Middle-class families with upper-caste, Hindu backgrounds – like mine – have drunk this economic development Kool-Aid over the years. Many liberals who were once put off by Modi’s brash Islamophobia now find it easy to adopt a “wait and see” approach, suggesting that in his new position of visibility, Modi will be pressured to act more responsibly. While it would feel nice to believe this, it’s hard to see the sentiment as any more than the type of wishful thinking that we can afford to engage in because we’re not Muslim, Dalit, or tribal. It is a line of thinking that actually suits us, given that we benefit from the multinational corporate jobs that Modi will continue to usher in. As we increasingly work for the Exxons, Ambanis, Lockheed Martins and Deutsche Banks of the world, we naturally come to support neoliberal policymaking wherever we happen to live. Though we might not always see the connections, we’re essentially casting our votes – with our dollars and our nine-to-fives – for privatization of public services, for the buildup of defense infrastructure, for the dismantling of public housing in the United States, for violent state takeover of tribal lands in India. (These also constitute votes against some of the movements that segments of our own South Asian diaspora – often working class, lower-caste, Muslim, or queer segments – are engaged in, from workers’ rights to racial justice to feminist organizing.)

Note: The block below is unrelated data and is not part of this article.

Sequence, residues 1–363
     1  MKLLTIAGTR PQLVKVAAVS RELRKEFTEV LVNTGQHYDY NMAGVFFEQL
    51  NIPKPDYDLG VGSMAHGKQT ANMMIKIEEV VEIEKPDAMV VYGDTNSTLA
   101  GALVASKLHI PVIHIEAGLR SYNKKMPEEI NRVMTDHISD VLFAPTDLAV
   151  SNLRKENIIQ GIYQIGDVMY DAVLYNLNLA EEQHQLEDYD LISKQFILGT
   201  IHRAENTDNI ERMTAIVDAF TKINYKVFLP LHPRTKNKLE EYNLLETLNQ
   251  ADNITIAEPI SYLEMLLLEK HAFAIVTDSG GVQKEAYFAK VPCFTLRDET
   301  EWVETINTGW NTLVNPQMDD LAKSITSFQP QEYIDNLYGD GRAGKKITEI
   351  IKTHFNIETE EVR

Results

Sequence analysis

More conservative streams of the diaspora actually see no shame in this and are actively whipping up ideological and material support for the BJP. From Vishwa Hindu Parishad groups to RSS supporters in the US to the Overseas Friends of BJP (which has nearly 14,000 “likes” on one of its Facebook pages), diaspora have been busy planning “chai pe charcha” events, raising money, and now, celebrating Modi’s victory.